Conspire Theatre

Breaking down prison walls for incarcerated women

Sometimes the most powerful theatre in this area doesn't happen where you can see it. Conspire Theatre, for instance, takes place behind bars in the Travis County Correctional Complex in Del Valle. There, every week, company founder and Executive Director Katherine Craft and program developer and co-facilitator Michelle Dahlenburg lead female inmates through theatre games and exercises that incorporate acting, movement, and mime, as well as activities in which the women are able to write monologues and plays, poems, stories, and songs of their very own. This work not only allows for a kind of personal self-expression that some of these women have never experienced but also builds their self-esteem and develops their skills in communication and teamwork. By opening these women to new ways of looking at themselves and the world, by giving them voices with which they can talk back to and even shout down the forces of poverty, abuse, and prejudice that have ground them down, this theatre quite literally changes lives.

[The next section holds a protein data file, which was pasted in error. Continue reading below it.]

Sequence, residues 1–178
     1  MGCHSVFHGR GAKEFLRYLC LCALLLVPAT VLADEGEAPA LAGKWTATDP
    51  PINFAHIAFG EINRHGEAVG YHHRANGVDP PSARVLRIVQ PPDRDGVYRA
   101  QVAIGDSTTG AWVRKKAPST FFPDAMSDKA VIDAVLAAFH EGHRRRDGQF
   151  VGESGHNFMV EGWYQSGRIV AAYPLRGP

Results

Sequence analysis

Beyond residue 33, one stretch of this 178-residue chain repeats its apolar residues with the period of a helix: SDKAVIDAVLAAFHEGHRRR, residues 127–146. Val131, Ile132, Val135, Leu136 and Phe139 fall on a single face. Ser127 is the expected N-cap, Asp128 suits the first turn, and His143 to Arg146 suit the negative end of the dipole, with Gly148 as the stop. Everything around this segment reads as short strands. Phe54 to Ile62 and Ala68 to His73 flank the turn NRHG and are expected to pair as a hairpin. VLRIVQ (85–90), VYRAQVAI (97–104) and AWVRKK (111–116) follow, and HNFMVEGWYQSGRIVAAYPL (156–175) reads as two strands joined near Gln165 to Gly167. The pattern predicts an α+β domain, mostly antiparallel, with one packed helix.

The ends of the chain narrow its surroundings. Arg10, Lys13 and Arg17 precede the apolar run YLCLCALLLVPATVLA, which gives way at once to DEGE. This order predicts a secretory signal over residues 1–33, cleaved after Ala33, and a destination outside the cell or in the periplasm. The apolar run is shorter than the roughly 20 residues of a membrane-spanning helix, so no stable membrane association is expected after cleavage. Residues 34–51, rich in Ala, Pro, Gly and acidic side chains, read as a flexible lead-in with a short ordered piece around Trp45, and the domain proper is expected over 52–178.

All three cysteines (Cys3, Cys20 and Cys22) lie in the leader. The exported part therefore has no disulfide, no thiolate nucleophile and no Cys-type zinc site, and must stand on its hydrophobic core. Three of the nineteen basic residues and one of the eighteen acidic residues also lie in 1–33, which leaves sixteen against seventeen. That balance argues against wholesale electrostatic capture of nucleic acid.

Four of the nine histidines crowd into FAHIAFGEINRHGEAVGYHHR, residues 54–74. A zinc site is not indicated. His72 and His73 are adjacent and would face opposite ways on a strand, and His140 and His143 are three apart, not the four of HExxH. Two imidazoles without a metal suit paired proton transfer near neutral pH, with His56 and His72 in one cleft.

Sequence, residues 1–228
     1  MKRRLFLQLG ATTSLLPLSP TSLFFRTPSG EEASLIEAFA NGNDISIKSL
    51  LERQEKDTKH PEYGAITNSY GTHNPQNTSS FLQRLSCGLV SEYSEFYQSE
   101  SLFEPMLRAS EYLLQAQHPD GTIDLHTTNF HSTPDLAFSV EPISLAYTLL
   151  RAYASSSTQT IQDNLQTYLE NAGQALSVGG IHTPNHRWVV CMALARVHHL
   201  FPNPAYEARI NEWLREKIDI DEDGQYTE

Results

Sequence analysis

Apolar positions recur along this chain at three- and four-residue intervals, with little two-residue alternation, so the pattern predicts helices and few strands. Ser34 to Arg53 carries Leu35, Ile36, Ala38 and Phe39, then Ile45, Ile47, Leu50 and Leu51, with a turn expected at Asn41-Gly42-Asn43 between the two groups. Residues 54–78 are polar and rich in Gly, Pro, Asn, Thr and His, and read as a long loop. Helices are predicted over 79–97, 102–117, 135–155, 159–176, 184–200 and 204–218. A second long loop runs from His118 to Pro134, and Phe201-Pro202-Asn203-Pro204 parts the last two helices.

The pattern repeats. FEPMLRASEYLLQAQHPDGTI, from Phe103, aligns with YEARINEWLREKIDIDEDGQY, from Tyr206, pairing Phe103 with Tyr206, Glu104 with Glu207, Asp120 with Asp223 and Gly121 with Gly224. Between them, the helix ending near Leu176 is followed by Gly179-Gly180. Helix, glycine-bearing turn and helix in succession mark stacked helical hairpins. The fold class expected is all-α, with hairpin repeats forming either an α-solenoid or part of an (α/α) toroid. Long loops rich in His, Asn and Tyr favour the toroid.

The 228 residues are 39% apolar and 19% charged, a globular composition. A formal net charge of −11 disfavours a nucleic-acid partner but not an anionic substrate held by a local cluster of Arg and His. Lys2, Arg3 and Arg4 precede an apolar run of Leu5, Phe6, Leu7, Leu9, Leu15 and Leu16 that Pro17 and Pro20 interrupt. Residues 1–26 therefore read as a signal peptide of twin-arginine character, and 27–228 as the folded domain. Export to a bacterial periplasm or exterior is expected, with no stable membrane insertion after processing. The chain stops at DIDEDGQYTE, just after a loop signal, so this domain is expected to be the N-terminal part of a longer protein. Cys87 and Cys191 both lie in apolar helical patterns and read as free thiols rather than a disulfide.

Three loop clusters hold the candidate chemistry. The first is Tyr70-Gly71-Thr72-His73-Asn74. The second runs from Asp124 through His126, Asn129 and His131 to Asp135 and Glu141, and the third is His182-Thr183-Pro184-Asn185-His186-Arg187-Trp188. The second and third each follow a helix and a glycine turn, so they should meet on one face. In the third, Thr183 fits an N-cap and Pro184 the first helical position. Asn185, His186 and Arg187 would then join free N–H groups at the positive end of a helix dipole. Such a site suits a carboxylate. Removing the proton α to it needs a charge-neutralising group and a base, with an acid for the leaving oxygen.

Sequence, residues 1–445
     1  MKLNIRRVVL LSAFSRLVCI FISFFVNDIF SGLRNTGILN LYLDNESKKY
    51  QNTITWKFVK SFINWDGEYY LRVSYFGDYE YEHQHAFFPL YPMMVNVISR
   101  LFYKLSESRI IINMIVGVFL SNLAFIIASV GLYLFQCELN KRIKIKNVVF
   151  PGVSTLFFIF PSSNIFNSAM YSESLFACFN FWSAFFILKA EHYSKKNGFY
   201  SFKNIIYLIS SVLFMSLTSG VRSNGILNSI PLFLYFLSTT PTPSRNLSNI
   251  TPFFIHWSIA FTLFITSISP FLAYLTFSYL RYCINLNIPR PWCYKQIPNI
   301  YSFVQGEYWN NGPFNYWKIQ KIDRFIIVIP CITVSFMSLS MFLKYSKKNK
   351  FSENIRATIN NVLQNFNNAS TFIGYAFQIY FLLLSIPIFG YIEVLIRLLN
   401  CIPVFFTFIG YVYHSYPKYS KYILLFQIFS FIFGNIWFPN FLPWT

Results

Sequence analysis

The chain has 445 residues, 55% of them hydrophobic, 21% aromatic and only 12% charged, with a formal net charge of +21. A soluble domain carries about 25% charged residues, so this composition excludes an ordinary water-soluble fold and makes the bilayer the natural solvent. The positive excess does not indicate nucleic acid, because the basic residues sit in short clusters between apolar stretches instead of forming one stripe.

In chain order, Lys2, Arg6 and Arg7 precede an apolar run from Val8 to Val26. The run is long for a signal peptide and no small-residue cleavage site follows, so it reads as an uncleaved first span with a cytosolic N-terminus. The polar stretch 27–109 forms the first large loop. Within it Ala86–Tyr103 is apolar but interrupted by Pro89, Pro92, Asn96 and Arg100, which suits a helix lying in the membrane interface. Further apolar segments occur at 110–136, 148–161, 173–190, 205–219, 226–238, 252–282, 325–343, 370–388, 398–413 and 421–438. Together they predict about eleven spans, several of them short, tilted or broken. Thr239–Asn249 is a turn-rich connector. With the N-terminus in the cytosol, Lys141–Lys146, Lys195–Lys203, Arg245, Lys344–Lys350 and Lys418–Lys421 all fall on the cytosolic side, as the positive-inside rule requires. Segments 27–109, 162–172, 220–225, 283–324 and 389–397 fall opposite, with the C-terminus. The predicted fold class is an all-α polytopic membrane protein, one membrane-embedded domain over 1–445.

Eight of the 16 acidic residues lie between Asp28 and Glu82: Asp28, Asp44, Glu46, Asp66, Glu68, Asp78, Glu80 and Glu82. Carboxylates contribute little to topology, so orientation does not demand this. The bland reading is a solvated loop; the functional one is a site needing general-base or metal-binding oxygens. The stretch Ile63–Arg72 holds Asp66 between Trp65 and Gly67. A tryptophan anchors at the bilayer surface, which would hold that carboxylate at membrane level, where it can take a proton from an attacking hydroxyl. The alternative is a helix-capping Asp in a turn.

Though she's been at this only two years, Craft can see the difference this work makes for these women. So can the Travis County Sheriff's Office, which is why the social services program coordinator has invited Conspire to start a new class for women in maximum security. Craft is eager to accept, but it requires her to raise additional funds to pay for more facilitators, workshop supplies, and gas to get to the jail and back. She's pegged the cost at $3,000 and launched a campaign at IndieGoGo to secure the scratch. As of Monday, Aug. 22, Conspire was two-thirds of the way to its goal. The company has until Sept. 1 to raise the rest.

Look, the past three decades have seen a staggering increase in the number of incarcerated women in the U.S. – from 12,331 in 1980 to 114,852 in 2008 – and Texas alone houses more female inmates than the entire country did 31 years ago. This is a large and growing population in need, and Austin is fortunate to have a corps of committed artists willing and able to offer a service that's proven to be valuable. If you believe these inmates deserve something better than getting lost in the dark pit of our criminal justice system, then this project deserves your support. After all, as Dahlenburg says in a video about Conspire, "At the heart of this work is reminding women inmates that they have not been forgotten." You can see the video and make a donation at www.indiegogo.com/conspireheatre. For more information, visit www.conspiretheatre.org.

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KEYWORDS FOR THIS STORY

Conspire Theatre, Katherine Craft, Michelle Dahlenburg

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